I’ve often been asked what are the two things that make a great triathlete? I always say consistency and effort in training. Of course, possessing a great physiology and mental toughness is an advantage as well, but when it comes to training principles, it is my opinion that Specificity and Progressive Overload are the two that are most important.
What is Specificity and Progressive Overload in training? Specificity in not only the type of training, that is swimming, cycling and running, but also in the intensity of effort. Progressive Overload is gradually increasing workload volume, intensity, or frequency of training over time.
You probably realise by now that at Trisutto we don’t spend much time on what is not specific to triathlon. Our training routines rotate around those activities that we use when racing, that is lots of swimming, biking and running. Lots of “switching” and “bricks”. Not much stretching, weights, or yoga.
The same could be said for the intensities that we train. While there is the bulk of training at intensities lower than race pace, there is also a prescribed amount at race pace and a smaller amount just above race pace. Rarely do we need to train at maximum intensities.
A good example of this is one of our regular run sessions. I remember discussing with Brett Sutton over 20 years ago, about how he learnt to become a triathlon coach from being a swim coach. His reply was that ‘he knew nothing about biking and running, but just applied the same principles as he had learnt in swimming’. Therefore, his run sets were designed like swim sets, i.e. longer, less intense running with a short recovery.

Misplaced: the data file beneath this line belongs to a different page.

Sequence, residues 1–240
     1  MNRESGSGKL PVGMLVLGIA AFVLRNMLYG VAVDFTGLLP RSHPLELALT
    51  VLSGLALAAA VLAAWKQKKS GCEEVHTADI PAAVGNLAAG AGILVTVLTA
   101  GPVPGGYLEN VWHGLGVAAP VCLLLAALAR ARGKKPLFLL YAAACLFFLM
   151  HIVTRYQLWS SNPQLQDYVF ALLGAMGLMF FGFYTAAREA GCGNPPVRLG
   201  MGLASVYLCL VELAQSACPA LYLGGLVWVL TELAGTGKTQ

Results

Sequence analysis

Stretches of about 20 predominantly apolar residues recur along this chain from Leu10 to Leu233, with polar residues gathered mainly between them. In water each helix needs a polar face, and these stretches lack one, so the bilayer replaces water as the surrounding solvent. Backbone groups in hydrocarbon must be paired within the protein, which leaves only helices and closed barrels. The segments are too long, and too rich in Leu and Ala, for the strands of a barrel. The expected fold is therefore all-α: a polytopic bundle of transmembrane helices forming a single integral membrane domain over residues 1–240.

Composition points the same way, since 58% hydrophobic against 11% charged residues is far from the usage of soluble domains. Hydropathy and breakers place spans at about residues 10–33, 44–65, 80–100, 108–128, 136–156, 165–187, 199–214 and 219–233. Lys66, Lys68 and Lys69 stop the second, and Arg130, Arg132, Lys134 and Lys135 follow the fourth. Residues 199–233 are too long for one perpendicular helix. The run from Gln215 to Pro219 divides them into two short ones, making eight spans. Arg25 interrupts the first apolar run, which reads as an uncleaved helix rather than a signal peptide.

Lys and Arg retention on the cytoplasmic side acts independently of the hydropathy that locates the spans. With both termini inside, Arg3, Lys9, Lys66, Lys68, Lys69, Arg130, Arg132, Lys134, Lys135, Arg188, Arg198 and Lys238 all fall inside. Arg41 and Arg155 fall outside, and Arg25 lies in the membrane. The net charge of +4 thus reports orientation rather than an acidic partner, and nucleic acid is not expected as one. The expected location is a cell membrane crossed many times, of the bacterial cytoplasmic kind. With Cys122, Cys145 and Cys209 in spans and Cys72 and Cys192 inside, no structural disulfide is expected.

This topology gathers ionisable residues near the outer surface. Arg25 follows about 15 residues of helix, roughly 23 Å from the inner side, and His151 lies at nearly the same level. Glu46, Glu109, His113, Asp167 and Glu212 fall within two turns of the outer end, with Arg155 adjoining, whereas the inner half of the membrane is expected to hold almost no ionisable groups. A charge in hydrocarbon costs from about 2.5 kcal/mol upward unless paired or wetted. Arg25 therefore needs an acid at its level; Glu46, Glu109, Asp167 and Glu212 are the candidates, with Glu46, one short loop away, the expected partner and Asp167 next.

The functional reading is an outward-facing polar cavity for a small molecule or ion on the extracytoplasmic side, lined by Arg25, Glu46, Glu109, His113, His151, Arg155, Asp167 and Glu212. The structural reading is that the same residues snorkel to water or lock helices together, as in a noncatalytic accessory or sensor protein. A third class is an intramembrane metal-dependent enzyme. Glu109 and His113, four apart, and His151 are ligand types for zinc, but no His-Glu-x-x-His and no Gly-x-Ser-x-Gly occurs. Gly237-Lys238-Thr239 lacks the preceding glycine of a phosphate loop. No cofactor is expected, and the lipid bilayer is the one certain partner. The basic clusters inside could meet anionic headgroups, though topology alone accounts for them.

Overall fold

I was taught with running, being a higher intensity activity, the work to rest ratio should be 1:3. Brett just turned that around (3:1) and it soon convinced me that he was on to something that has been a great weapon for coaches who are willing to treat triathlon as one sport and not three separate sports.
As an example, let us consider a running workout on the athletics track.
4 x 200m leaving on 1 minute.
Initially doing 4 repeats of this 4 x 200m, and an additional 30 seconds rest between each of these 4 sets. We can add an additional repeat each week, building up to 8 repeats of 4 x 200m. Your 200m pace should be approximately race pace for a 5km running race. Over the weeks, we progressively overload through increasing the volume, while maintaining the same rest periods.
Once this is achieved, we can move from 8 sets of 4 x 200m, to 4 sets of 8 x 200m while still maintaining the 60 second send off for each 200m, and still keeping an additional 30 seconds rest between each of the sets. We do the same number of 200m intervals (32), but have fewer of the 30 seconds rest periods as we are doing them broken into 4 sets, not 8 sets.
From here we could move to 4 sets of 10 x 200m (3.2km total), 2 sets of 25 x 200m, and finally to 1 set of 50 x 200m (10km total) still maintaining the same send off of 1 minute for each 200m.
You will notice in this example that the time base has remained the same (1 minute), however, the specific overload has increased. The number of 200m intervals has increased from 32 to 50. There has been a reduction in the amount of rest in the workout as we moved from 8 repeats with 30 seconds additional rest between each, then to 4 repeats, then to 2 repeats and finally to 50 x 200m without any additional rest periods.
Yes this is a tough workout, but you are progressively overloading as you become fitter. You are also resting after every 200m (the time between finishing one 200m and starting the next one), you are working your cardiovascular system, but not completely exhausting your muscular system, as you would do if you ran the same distance (10km) at that same speed continuously. This allows holding better form, with less injury risk, while being able to train the neuromuscular system at 'race pace' in a planned and progressive approach throughout the whole year.
The same principles can be achieved running 400s or even 800s. It is all about being Specific and Overload.